We often play many games between ourselves and others.
But by “games” I don’t mean sports, or video games, or board games. Instead “games” are a form of dishonest communication – usually with ulterior motives involved.
In Eric Berne’s influential work Games People Play, a “game” is defined as a set of ulterior transactions with some type of payoff in the end. This “payoff” doesn’t have to be material – it can also be psychological or social.
Many times we aren’t even aware of the games we’re playing on a daily basis, because they are so embedded into our society and our way of thinking.
In this article, I go over 3 different games that we play to avoid taking responsibility. These games are based off of Eric Berne’s work, but I’ve modified some of them to better fit the theme of this article.
By becoming more aware of these games, you can hopefully do better at avoiding them in the future. To win these games, we often have to stop playing them.
The first game we play a lot of is “Yes, But…”
This often happens when we bring up a particular problem in our life to a friend. Trying to help, the friend will start giving suggestions on how to fix our problem.
Each piece of advice that is given is followed with a “Yes, but…”
You: I really need to start exercising more.
Friend: You should join a gym.
You: Yes, but I don’t like working out in front of people.
Friend: Hm, you could always work out at home too.
You: Yes, but I don’t have any equipment.
Friend: I know a good exercise program that doesn’t even require equipment!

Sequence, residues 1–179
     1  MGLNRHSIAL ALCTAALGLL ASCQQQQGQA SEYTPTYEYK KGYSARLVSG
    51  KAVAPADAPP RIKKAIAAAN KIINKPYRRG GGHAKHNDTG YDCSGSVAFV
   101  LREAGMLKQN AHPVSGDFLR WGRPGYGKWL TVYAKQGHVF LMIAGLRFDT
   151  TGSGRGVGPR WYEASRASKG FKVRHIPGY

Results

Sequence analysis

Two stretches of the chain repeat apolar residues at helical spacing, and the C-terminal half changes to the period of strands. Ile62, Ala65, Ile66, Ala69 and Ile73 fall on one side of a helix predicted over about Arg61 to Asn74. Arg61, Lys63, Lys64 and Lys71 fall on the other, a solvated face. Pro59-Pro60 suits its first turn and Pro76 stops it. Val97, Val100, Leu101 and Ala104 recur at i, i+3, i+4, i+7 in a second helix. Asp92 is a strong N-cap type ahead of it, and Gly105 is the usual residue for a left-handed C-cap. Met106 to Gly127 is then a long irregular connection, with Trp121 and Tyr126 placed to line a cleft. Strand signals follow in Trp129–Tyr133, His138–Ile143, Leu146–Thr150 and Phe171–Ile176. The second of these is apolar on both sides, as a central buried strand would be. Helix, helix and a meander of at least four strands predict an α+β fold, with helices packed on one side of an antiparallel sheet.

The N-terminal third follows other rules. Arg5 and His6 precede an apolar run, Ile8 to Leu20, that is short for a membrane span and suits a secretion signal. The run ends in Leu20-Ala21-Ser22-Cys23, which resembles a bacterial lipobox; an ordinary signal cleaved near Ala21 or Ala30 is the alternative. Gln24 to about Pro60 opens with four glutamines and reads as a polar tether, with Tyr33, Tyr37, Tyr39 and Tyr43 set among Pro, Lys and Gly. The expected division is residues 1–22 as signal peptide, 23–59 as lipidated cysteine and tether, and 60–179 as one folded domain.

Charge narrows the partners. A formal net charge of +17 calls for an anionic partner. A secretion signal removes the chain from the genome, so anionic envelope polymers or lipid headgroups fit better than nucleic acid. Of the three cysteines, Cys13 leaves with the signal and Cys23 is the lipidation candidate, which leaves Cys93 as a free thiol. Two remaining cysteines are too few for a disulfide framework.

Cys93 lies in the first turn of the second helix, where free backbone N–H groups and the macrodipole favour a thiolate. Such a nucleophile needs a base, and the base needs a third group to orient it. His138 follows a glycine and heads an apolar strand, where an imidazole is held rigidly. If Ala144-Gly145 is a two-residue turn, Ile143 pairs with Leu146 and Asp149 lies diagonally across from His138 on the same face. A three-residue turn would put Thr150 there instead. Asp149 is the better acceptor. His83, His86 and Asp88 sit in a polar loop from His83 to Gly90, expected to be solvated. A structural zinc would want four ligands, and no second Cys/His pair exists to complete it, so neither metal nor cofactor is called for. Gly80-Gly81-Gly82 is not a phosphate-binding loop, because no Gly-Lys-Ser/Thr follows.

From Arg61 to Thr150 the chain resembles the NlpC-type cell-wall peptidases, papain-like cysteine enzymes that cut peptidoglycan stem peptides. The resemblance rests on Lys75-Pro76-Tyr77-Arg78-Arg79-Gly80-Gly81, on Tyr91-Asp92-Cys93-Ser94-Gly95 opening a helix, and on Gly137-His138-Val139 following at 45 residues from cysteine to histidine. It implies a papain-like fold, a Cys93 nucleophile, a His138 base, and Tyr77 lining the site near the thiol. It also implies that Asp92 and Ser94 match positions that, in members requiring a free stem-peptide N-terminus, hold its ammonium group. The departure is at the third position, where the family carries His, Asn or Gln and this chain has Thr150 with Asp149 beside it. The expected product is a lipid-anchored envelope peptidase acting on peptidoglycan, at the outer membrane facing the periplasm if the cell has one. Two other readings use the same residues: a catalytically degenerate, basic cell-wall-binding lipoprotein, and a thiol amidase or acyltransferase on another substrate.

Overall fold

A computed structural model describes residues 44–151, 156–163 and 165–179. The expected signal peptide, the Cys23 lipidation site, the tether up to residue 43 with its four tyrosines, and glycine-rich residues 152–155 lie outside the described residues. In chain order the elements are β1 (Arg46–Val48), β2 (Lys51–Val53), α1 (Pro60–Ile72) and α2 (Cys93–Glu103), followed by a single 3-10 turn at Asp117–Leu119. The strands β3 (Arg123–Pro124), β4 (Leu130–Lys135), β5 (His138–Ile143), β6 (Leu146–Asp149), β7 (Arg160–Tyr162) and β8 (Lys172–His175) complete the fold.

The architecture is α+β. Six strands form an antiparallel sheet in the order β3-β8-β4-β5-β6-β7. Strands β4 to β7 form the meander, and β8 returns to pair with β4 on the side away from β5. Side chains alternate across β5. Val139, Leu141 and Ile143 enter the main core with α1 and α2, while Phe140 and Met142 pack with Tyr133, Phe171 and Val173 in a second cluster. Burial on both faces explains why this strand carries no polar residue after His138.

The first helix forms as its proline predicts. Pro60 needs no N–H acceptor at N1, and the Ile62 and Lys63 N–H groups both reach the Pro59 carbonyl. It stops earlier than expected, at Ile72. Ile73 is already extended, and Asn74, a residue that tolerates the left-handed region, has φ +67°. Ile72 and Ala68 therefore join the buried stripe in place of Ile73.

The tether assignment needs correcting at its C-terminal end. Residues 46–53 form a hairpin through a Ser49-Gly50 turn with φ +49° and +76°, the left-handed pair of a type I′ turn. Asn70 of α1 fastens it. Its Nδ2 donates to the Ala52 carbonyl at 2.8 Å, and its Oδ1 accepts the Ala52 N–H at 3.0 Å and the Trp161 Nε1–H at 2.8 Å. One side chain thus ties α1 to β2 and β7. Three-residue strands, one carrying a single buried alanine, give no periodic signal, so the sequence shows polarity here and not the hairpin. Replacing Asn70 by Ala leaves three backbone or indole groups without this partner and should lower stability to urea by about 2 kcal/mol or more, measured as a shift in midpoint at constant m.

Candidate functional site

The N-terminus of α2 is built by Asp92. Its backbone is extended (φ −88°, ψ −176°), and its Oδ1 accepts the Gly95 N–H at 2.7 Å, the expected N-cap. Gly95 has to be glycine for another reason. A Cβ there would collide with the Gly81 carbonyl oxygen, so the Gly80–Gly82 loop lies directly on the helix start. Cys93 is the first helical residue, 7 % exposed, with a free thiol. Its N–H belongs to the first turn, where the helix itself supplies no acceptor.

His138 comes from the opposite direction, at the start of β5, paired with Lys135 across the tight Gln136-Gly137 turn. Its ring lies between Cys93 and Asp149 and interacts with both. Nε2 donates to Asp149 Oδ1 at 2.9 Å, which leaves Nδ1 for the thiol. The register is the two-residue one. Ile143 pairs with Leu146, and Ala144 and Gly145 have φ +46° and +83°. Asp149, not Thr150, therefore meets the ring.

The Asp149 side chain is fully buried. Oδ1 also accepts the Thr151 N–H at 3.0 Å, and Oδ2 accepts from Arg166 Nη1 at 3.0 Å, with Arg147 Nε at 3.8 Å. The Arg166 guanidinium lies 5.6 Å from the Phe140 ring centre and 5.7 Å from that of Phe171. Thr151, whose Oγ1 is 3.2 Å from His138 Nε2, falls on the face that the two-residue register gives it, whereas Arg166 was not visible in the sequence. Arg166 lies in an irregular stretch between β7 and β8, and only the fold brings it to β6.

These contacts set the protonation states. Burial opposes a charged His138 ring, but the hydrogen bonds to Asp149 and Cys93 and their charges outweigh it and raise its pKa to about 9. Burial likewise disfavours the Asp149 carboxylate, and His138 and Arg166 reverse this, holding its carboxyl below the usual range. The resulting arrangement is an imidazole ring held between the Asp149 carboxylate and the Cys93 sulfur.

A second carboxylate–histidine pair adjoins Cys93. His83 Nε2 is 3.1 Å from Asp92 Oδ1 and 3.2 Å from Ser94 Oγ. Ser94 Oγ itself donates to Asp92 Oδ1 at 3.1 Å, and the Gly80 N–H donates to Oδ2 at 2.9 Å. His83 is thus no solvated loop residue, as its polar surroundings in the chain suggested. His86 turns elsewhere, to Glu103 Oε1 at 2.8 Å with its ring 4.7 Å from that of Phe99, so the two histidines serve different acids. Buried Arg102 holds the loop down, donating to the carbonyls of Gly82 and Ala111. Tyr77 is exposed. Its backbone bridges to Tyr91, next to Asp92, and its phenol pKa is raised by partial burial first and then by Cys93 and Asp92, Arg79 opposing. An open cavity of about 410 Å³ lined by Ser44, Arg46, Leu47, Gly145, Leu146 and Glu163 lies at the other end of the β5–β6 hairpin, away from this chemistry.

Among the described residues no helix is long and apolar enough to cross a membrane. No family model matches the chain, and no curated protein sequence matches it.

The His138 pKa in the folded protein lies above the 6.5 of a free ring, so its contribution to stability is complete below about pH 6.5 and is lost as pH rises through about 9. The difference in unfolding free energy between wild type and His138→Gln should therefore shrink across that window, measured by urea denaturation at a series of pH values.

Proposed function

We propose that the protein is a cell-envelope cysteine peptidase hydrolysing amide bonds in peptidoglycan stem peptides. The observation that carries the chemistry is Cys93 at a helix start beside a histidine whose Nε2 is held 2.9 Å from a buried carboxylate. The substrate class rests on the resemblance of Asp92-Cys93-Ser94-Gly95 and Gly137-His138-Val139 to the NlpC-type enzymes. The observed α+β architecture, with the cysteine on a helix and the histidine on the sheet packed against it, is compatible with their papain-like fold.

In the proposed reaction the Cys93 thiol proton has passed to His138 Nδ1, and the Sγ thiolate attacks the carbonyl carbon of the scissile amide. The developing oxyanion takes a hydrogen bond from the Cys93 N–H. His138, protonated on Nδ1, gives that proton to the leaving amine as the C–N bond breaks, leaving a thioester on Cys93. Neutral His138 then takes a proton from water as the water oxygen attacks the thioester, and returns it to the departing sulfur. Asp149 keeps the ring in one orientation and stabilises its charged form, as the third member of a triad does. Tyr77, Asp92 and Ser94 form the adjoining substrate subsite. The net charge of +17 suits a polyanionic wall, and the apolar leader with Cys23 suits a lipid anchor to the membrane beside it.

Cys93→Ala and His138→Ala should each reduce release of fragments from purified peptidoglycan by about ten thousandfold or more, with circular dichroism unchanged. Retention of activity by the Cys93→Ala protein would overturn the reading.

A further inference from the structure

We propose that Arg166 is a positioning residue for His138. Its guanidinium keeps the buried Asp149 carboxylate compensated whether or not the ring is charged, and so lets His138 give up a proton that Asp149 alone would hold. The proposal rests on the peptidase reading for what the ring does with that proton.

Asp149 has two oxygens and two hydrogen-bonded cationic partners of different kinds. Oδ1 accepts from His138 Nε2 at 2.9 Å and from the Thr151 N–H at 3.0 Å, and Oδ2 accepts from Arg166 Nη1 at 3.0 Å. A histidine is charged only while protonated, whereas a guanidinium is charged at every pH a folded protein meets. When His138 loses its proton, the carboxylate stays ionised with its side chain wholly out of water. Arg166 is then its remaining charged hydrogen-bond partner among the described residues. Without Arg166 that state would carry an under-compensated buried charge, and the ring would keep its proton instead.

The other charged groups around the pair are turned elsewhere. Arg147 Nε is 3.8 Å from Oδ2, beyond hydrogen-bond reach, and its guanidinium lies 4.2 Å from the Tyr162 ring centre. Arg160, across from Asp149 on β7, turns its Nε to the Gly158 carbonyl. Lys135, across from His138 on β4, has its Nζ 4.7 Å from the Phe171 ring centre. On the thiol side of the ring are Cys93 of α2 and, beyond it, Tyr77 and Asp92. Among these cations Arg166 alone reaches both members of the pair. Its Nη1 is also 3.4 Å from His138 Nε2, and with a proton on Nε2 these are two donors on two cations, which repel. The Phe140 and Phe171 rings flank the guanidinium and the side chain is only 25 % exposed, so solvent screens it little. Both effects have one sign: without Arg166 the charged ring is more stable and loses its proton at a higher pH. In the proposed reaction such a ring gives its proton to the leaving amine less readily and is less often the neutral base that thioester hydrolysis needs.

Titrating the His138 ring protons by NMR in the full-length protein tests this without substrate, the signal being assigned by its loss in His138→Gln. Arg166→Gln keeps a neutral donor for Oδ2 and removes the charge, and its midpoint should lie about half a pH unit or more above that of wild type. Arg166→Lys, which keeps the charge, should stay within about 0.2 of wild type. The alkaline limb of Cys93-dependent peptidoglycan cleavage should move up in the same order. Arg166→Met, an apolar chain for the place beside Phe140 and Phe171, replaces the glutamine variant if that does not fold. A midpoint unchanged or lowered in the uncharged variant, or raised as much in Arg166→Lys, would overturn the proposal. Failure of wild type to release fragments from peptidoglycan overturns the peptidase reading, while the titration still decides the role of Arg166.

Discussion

You: Yes, but I don’t have time to learn something new.
“Yes, but…” is a common form of excuse-making. It doesn’t matter what the friend suggests, you’ll always find some reason to dismiss their suggestion.
Eventually the friend gives up trying to suggest new things – and therefore you feel you’ve “won” the game.
The psychological payoff after winning the game is that you get to say to yourself, “You see? I’ve considered everything, and it’s just not possible.”
The ulterior motive is that you were never actually looking for an answer to your problem, you just wanted the friend to agree with you that it’s “impossible” for you to solve it.
Another common game people play is “Wooden Leg.”
The premise of this game is that an individual suffers from a certain disadvantage in life, but they use it as a way to justify their lack of drive and motivation to do better.
The form this game often takes is “What do you expect from a person who ______?”
You: I want to build better relationships, but I can’t. I come from a broken home.
Friend: When’s the last time you dated someone?
You: A year ago, but I cheated on them. What do you expect from a person who comes from a broken home?
Friend: Maybe you just need to find the right person?
You: No, I use everyone and then leave them. What do you expect from a person who comes from a broken home?
The psychological payoff by playing this game is that you get to say “I’m helpless, so it doesn’t matter what I do.”
Another popular form this game takes is, “This is just who I am!”